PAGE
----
The Doctor’s travels through time are interrupted by an unwelcome guest – not Charley, his strange new traveling companion who seems to know more than she’s saying (and claims to have amnesia), but rather a small ‘bot which arrives to tell the Doctor that a library book he checked out is long overdue. The book in question, a rather paint-by-numbers 18th century romance which makes a romantic hero out of notorious highwayman Dick Turpin, captures Charley’s imagination, but now she’ll have to help the Doctor return it before she can finish it. At the library, the Doctor and Charley discover a group of Grell arguing over the merits (or lack thereof) of fiction. Unable to grasp anything but the truth, the Grell have little tolerance for fiction, and it looks as though they’re about to put literary masterpieces into a bonfire. Charley interrupts their plans, but the book she was trying to return to the library is charred almost beyond recognition. The TARDIS next destination is the 18th century itself, but when events begin to unfold that parallel the plot of the damaged book, the Doctor grows suspicious. The plot developments spiral out of control, and Charley lterally loses herself in the story, becoming first the heroine of the piece, and then Dick Turpin’s deadly sidekick. Can the Doctor bring this land of fiction back to reality before Charley has a fatal date with destiny?
Cast: Colin Baker (The Doctor), India Fisher (Charlotte Pollard), Nicky Henson (Dick Turpin), Jonathan Firth (John), Hayley Atwell (Eleanor), Trevor Cooper (Sir Ralph), Geraldine Newman (Lady Sybil), Daisy Douglas (Susan), Suzie Chard (Molly)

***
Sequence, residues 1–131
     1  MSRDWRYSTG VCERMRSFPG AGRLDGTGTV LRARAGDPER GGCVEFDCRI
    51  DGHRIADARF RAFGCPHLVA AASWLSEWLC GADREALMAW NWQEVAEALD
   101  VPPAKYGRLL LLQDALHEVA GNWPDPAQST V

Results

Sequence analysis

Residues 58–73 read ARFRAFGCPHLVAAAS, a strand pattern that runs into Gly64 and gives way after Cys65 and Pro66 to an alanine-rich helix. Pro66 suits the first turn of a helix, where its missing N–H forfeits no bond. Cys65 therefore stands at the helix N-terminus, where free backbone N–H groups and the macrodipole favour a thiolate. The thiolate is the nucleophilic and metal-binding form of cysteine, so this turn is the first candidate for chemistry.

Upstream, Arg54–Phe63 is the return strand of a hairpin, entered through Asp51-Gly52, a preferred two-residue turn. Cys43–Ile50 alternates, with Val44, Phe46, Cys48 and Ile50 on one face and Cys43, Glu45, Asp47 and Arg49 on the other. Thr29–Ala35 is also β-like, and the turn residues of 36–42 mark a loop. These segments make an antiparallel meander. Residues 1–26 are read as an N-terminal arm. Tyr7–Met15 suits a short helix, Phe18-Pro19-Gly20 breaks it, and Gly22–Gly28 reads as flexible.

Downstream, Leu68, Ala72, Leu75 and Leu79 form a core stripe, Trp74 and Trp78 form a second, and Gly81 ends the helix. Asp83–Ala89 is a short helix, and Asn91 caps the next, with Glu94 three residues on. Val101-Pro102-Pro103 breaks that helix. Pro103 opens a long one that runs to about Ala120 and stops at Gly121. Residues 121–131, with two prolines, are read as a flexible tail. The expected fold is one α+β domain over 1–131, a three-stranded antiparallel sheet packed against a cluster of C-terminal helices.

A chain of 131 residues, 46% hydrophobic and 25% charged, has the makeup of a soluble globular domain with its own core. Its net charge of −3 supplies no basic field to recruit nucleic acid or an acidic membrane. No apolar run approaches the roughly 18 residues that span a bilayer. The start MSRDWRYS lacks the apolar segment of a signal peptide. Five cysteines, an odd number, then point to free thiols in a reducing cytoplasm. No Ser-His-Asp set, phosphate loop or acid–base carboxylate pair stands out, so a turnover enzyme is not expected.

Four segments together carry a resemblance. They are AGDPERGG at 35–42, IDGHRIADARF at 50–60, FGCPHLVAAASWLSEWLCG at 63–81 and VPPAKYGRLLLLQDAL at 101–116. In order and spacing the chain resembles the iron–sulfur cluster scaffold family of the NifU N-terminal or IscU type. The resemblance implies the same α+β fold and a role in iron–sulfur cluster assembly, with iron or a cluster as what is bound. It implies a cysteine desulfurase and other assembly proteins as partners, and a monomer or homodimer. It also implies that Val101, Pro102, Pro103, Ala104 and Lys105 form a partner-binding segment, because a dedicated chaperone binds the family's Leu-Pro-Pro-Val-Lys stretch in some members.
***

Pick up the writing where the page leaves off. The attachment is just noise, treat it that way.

Timeline: after The Condemned and before Brotherhood Of The Daleks
LogBook entry and TheatEar review by Earl Green
Review: A rather entertaining tale, The Doomwood Curse lets the listener think they’ve worked out what’s going on, long before laying out the real ground rules of the story. It’s all too easy to roll one’s eyes and dismiss the first two episodes as a Doctor Who version of the perennial “holodeck gone wild” story, but it”s a little more intricate than that.
Those looking for further revelations of the sixth Doctor’s awkward relationship with Charley – who had already traveled with his eighth incarnation but of course can say nothing about it – may be disappointed to find that it’s moved from the foreground to mere background bread crumbs (Charley has to hastily backpedal when she replies “I’ve already got one” to the Doctor’s offer of a TARDIS key). The real meat of the Doctor/Charley character development is the Doctor’s innate trust of his new sidekick – she seems to have already developed a deep trust in him in a very short time, after all.
The rest of the story is intriguing, to say the least, and several members of the cast get a chance to go over the top in their performances (to explain why would be to give away too much of the story). It’s fun to hear the cast go for it like this, because after a while, you’re in on the joke – and it’s imperative that you get in on the joke by sunrise!
The Doomwood Curse is a very entertaining story; set it aside for a bit if you’re not in the mood for the relative frivolity of it all, but it is worth a listen.